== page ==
But cooperation was far from being established between the Bourses and the federations. The latter were the backward element, the fief of Guesdist politicians, and the Bourses were the vanguard element, inspired by communalist sentiments: an inevitable state of affairs, since the men of one locality, who know one another, develop their social sentiment in a manner quite unlike the scattered men of the industrial federations, who do not know on another in their various localities, and the particular interest of the corporative trade union grouping divides the collective interests of its local environment. The mentality of the federations was therefore fixated on everyday questions relating to the various trades, while the expansive and generous mentality of those men who were resolved upon the struggle for the future was formed in the Bourses, a prosaic and ill-chosen term, but one that has been consecrated by tradition in France. In September 1894, the two elements held a joint Congress at Nantes; it was attended by 21 Bourses (776 trade unions), 30 federations (682 trade unions), and 204 trade unions which sent their own delegates. Pelloutier and Briand as well as Guesde and Lafargue were there, and the opponents of the general strike were defeated, 67 votes to 37 votes, and then withdrew from the Congress. In 1895, at the Congress of Limoges, the General Confederation of Labor was founded, an organization with a rather nominal existence at that time, since Pouget himself has written concerning its first years (1895-1900): “During the following five years, the CGT remained in an embryonic state. Its actions amounted to almost nothing and its greatest efforts were employed in an unfortunate conflict which had arisen between the CGT and the Federation of the Bourses du Travail. The latter organization, which was then autonomous, concentrated all the revolutionary life of the trade unions, while the CGT assiduously vegetated, since at that time it only included corporativist federations. During this period, the driving force for the orientation of the Confederation was provided by elements which were subsequently to be classified as reformist….” (See The Party of Labor [Le Parti du Travail] 1905). Until the Congress of Toulouse in 1897, one could not detect the slightest improvement, but between then and 1900—the Paris Congress in September—revolutionary elements infiltrated the CGT, so that the Paris Congress reflected their preeminent position, but Pelloutier was by that time an invalid and died in March 1901. His activity in the Bourses, then, was carried out in the face of the hostility of the Confederation and this necessarily also implied the hostility or opposition of numerous trade unions affiliated with the two organizations.
Pelloutier spent several years devoted to intensive work as Secretary of the Bourses, against the opposition mentioned above, and also faced other powerful obstacles. The origin of the Bourses du Travail was often a result of the desire of radical municipal governments or local politicians to secure the votes of the workers; they provided the meeting hall and subsidies, which led the trade unions to lose the habit of accounting for their own dues, if they had ever developed such a habit. As a whole, it was a precarious and demoralizing independence. But ways to get by without subsidies were never easy to find, since the condition of being subsidized was not considered to be too onerous or undignified by many people who believed that, as citizens, they had the right to public funds. Pelloutier was very unhappy under this state of affairs, but what could he do, when he was barely tolerated and had so many enemies?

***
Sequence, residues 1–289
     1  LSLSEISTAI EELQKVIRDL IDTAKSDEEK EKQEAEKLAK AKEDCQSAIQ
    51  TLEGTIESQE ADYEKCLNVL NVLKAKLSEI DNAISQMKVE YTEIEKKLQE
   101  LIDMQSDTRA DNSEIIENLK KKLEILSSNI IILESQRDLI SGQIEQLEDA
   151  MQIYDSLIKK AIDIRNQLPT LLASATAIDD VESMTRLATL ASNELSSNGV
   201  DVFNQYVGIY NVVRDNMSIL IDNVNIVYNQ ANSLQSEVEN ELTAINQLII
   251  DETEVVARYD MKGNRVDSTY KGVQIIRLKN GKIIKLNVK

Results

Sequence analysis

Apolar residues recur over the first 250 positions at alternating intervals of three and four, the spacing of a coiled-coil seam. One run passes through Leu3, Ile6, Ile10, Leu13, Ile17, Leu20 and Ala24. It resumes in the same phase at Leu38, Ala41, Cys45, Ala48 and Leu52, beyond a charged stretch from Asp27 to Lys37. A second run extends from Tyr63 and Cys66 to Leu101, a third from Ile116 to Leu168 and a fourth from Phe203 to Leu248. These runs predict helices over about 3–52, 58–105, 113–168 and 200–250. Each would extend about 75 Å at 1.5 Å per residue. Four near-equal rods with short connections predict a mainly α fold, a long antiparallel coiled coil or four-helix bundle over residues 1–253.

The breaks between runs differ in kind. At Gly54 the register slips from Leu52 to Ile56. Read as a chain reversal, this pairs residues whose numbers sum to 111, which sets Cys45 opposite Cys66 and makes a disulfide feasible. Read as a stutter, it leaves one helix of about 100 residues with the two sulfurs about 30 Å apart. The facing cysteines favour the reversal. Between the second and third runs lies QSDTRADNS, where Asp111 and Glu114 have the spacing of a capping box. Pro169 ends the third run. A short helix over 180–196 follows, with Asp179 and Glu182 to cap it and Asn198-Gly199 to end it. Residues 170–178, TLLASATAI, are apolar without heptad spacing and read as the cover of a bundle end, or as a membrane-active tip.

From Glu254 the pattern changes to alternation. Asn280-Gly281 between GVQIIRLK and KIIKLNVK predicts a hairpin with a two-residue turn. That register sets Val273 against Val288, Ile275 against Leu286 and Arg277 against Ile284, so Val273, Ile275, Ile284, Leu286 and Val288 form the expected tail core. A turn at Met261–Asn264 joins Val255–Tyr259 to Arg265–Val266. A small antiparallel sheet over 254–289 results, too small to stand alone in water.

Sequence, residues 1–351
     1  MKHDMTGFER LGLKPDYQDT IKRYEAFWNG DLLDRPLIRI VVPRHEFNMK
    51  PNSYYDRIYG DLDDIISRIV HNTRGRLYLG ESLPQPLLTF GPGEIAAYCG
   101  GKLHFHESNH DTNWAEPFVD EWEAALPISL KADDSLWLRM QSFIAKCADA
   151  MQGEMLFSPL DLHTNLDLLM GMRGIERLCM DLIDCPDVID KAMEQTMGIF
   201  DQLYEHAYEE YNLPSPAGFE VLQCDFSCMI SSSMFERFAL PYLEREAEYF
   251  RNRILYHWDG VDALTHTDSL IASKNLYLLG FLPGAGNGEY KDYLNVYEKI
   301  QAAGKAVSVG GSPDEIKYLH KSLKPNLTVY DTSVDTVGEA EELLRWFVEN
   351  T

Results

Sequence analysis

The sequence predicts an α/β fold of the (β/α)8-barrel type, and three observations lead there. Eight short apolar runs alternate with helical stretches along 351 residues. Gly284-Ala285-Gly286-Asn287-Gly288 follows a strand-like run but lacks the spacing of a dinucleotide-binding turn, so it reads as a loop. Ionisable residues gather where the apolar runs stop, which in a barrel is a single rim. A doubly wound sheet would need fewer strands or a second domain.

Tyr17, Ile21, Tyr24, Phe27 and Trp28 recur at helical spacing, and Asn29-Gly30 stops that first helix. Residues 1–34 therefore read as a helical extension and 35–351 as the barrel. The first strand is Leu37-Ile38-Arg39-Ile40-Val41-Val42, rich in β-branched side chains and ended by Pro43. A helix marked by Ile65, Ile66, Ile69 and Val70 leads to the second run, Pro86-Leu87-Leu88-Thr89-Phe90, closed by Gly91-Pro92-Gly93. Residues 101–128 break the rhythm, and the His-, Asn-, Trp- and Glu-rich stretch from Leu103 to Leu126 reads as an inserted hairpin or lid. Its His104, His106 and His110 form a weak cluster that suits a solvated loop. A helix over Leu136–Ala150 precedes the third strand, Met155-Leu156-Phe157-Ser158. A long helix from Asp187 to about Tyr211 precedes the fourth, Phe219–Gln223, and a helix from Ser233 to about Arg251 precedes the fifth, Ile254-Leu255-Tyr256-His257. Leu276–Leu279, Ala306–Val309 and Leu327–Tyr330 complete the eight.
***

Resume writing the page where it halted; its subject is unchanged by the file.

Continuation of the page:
His ideas about the general strike are expressed in his first memorial of September 3, 1892; in his historic 1893 essay, The General Strike (La Grève générale), which proves that he was aware of the debates that took place in the International in 1869 and 1873; and in the dialogue What Is the General Strike? (Qu’est-ce que la Grève générale?) (written in collaboration with Henri Girard), published in 1894.
The Corporative Organization and Anarchy (L'Organisation corporative et l'Anarchie) appeared in L’Art Social in 1896; The Trade Unions in France was published in 1897; The General Congress of the French Socialist Party (December 3-8, 1899), preceded by a Letter to the Anarchists (Lettre aux anarchistes) (1900); How to Create and Operate a Bourse du Travail (Méthode pour la création et le fonctionnement des Bourses du Travail) (October 1895) and other documents on the organization’s practical affairs; he left a manuscript which was published by his brother Maurice under the title, History of the Bourses du Travail (Histoire des Bourses du travail) (comprising pages 33-171 of a volume published in 1902 which also contains essays on all aspects of his activity by Georges Sorel and Victor Dave, as well as supplementary documents); the monthly journal The Worker of the Two Worlds (L’Ouvrier des deux mondes); he produced The World of Labor under very difficult conditions and sometimes even worked on its typographic composition himself; and he contributed to the People’s Daily Newspaper, an anarchist daily published in 1899 (its principle editors were Sébastian Faure and, later, Pouget).